My first response to seeing my first collection in print was the same that most people have – an intense elation that fizzled into the notion that I should have waited a bit longer. Poets are always over eager to see their debut on the shelves. As an editor I am always telling them that it’s a longer process than they want it to be but that they would thank me in the end.
At the same time, you’ll probably get that same feeling if you held out until you were in a nursing home to publish and be damned.
Other than that, I wish someone had told me, and my editor how to properly spell “Titchmarsh” The spelling we unwittingly agreed on was somewhat exotic….
Q9- 3 things every poet should avoid when writing
Don’t avoid anything when writing. Never have a “Don’t do that!” voice in your head when writing. It will kill you. Write until you’re spent or notice that you’re repeating yourself. Then you can invite the critical voice in to have at it. If you’re going to avoid anything when writing, avoid miserable workshop high priests with their lists of banned words and masonic etiquette.
Q10- What makes a competition winning poem?
Anything that leaps out from a pile of hundreds. Something with character. It probably changes from judge to judge. It really depends on the context, what the overall character of the batch is. I like the poem that sticks its neck out but has enough going on to back it up.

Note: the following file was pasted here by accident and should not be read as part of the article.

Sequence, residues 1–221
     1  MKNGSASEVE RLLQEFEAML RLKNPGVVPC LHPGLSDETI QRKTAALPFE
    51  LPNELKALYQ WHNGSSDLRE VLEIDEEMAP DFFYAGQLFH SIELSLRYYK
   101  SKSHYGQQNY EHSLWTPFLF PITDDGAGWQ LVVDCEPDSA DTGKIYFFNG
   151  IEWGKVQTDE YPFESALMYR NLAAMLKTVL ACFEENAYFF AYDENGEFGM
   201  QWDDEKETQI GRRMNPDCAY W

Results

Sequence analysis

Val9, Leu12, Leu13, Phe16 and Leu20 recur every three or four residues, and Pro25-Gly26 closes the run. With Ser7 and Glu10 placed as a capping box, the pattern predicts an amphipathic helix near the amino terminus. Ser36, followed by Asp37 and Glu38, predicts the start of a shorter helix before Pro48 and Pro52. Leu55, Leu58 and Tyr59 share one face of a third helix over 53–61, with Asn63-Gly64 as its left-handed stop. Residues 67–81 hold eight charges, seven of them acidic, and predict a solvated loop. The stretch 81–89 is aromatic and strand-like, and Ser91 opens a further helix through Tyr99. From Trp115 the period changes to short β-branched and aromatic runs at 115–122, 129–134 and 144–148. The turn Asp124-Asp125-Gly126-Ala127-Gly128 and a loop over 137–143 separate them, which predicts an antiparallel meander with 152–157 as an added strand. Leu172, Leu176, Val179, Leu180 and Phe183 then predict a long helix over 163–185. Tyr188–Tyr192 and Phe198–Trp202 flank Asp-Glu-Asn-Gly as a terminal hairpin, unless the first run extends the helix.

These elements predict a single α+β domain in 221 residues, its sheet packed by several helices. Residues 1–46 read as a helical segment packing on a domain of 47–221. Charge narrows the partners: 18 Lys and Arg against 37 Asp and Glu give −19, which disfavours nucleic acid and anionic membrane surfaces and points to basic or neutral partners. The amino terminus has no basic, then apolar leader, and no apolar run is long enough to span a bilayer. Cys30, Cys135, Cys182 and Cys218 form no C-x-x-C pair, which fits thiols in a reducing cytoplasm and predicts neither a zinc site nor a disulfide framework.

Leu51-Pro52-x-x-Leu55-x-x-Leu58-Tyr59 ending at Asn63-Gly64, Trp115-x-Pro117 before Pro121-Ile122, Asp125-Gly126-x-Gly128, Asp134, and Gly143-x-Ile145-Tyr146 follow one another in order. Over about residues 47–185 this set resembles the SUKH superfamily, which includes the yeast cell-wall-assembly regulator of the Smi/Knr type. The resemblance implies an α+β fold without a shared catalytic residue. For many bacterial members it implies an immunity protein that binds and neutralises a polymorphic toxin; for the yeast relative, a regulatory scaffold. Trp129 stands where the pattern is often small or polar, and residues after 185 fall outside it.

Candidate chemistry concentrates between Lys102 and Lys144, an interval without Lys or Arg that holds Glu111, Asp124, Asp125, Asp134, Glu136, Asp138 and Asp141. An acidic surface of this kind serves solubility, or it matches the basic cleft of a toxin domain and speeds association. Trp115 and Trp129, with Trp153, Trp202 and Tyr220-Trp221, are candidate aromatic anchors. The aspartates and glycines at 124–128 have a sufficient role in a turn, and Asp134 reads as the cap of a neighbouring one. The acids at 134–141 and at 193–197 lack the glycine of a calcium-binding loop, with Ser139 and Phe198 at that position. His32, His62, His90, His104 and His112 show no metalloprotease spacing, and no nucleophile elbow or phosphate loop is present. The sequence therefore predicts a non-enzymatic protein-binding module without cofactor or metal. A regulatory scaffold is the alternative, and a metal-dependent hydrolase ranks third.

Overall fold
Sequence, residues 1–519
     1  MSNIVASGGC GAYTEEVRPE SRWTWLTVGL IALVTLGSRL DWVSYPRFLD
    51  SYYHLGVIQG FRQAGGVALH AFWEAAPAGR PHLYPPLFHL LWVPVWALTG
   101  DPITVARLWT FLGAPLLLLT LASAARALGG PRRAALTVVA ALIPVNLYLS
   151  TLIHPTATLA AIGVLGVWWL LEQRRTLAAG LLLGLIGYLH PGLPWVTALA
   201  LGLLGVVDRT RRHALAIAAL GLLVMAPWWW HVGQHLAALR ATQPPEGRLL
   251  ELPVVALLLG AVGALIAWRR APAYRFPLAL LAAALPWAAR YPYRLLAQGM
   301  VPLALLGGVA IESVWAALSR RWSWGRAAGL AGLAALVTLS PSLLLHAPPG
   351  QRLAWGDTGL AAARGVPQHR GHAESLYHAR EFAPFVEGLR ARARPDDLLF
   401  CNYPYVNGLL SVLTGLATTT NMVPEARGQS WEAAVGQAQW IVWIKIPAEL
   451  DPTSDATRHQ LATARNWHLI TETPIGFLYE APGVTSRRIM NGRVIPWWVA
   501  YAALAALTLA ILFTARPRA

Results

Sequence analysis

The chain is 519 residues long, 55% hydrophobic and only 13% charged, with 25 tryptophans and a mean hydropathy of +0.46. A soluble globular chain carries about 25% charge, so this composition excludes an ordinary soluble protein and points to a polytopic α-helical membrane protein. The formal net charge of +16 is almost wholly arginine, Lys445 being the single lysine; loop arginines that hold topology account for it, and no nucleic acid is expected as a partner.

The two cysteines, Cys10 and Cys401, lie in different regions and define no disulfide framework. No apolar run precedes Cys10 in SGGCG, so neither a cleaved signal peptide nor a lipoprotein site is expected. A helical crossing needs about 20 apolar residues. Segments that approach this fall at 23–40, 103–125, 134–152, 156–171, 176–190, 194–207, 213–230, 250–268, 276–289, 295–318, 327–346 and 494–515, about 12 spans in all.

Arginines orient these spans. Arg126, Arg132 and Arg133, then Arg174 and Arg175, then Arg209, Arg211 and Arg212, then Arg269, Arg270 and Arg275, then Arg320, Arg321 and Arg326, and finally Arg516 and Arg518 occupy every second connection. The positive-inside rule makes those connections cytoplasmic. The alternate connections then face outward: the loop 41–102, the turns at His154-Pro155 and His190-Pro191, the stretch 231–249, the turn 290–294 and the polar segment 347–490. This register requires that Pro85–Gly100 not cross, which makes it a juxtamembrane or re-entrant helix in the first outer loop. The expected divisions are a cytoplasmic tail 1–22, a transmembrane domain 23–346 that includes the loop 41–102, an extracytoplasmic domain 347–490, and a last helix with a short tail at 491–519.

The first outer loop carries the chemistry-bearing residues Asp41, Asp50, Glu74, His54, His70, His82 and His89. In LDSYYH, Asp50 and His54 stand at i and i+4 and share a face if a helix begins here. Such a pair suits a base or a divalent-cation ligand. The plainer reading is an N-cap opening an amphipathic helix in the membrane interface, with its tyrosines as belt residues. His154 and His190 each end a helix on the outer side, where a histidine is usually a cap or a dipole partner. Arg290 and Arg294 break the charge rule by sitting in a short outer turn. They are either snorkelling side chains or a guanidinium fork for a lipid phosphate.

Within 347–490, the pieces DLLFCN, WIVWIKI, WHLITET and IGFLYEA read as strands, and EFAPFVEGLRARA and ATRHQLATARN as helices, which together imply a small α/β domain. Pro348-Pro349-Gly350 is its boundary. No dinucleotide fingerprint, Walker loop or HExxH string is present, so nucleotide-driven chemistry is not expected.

Q11- Tell us a bit about your what you are writing at the moment?
As I said at the beginning of the interview, I’m working on a New and Selected. Even the new poems are getting pretty old.
While I’m having a break from writing poems, I’m writing a fair bit of prose and enjoying it. I’ve been publishing some little essays on poetry and performance via my website and a few other outlets. There’s a little piece by me in the latest Poetry News. I’m also writing up a small memoir on a tour I did twelve years ago for Apples and Snakes.
The best thing about the New and Selected is that it allows me to exorcise the filler of previous collections and present something that I believe represents my best work. It also allows me to apply a curatorial eye over the cantos, fake poems and caffeine songs that I’ve dashed out online. I’ve written over a thousand poems and often ask if the world needs any more. In some ways, if I never write another poem again I’d be happy with the book as it is.